High-Risk Occupations for Suicide

December 06, 2013
News Type:  Weekly Spark Research

Researchers in Britain found that suicide rates vary significantly among occupations and that the occupations associated with high rates of suicide have changed over the last 30 years. During the years 1979-1983, many of the occupations with high rates of suicide were those in which people had access to lethal means (including pharmaceuticals or guns). An examination of mortality data for the years 2001-2005 revealed decreases in rates among the occupational groups most at risk during 1979-1983 and large increases among manual laborers.

Many of the occupations with high suicide rates during the earlier time period had easy access to lethal means (especially pharmaceuticals and guns). These job categories included veterinarians (who had the highest suicide rate), pharmacists (who ranked fourth), dentists (sixth), doctors (tenth), and farmers (thirteenth). In 2001-2005, none of these jobs ranked among the top 30 occupations associated with suicide risk in Great Britain. The authors speculate that efforts in support of national suicide prevention targets set by the Department of Health beginning in 1992 may have contributed to these decreases.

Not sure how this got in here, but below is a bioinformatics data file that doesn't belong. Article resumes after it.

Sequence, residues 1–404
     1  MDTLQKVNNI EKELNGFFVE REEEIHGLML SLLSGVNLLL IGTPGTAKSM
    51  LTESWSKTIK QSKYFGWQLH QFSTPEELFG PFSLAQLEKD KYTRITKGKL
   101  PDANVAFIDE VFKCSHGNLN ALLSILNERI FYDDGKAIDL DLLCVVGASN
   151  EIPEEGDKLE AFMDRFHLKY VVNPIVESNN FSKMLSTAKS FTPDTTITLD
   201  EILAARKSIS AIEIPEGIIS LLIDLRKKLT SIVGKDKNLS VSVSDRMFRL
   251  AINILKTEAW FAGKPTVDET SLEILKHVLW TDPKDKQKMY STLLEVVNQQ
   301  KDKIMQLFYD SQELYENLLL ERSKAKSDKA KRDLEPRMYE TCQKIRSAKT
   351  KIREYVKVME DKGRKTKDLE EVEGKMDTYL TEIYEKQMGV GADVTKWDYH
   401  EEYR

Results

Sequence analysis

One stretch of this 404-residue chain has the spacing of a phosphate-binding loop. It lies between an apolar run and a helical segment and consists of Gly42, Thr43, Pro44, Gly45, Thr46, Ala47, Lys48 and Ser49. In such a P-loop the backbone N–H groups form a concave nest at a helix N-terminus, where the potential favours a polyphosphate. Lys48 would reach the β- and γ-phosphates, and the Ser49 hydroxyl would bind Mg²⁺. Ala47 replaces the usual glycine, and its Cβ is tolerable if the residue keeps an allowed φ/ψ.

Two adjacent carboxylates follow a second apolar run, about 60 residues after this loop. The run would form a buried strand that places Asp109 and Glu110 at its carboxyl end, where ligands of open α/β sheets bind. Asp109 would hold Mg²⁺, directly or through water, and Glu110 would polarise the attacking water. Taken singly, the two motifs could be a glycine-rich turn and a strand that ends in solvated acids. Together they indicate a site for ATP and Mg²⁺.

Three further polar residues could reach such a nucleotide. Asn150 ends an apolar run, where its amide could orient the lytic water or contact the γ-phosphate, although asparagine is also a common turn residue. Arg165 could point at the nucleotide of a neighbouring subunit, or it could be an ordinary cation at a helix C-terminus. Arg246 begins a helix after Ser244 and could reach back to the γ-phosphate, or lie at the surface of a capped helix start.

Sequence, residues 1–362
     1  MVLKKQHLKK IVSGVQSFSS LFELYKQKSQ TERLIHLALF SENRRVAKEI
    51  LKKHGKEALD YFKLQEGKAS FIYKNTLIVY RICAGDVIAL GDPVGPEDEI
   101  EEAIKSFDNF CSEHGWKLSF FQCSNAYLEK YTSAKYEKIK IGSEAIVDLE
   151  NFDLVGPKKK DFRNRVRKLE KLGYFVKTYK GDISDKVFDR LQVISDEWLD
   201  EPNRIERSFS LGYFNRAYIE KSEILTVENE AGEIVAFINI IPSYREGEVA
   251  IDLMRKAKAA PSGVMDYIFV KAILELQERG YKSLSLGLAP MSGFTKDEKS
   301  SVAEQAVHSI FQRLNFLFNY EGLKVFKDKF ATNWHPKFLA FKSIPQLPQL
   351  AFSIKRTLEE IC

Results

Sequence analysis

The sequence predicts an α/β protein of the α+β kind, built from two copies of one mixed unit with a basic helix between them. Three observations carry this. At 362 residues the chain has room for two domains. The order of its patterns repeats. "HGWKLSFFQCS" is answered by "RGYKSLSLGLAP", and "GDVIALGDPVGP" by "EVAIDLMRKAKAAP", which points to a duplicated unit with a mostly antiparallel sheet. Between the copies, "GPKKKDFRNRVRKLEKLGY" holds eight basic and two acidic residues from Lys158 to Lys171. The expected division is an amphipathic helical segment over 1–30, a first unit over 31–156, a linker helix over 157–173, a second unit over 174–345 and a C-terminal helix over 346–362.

In contrast, the suicide rates of other occupations rose significantly over this same time period, despite the relative prosperity of the years in which these increases took place. Occupations for which suicide rates increased included coal miners, building trade laborers, plasterers, forklift truck drivers, and carpenters. Almost 90 percent of the occupations in which suicide risk increased “sharply” (but not always to the point of statistical significance) were classified as “manual occupations.” The authors suspect that this increase in risk was associated with a substantial decline in employment opportunities for certain categories of manual labor. This change in employment patterns may have “interacted with other factors such as re-employment prospects, the ability to adjust to change and to manage stress” to affect suicide rates. The study also revealed that the suicide rate of women was much lower than that of men and that there is much less of an association between suicide risk and manual labor among women. Many of the occupations associated with a high risk for suicide for women are professional or non-manual.

The authors suggest that research is needed to explore whether similar socioeconomic trends in other Western and European countries have led to similar changes in the pattern of suicide and, if this is the case, it would be important to develop interventions that target occupations with high suicide rates.

Roberts, S. E., Jaremin, B., & Lloyd, K. (2013). High-risk occupations for suicidePsychological Medicine, 43(6):1231-1240.

Populations:  People in Particular Occupations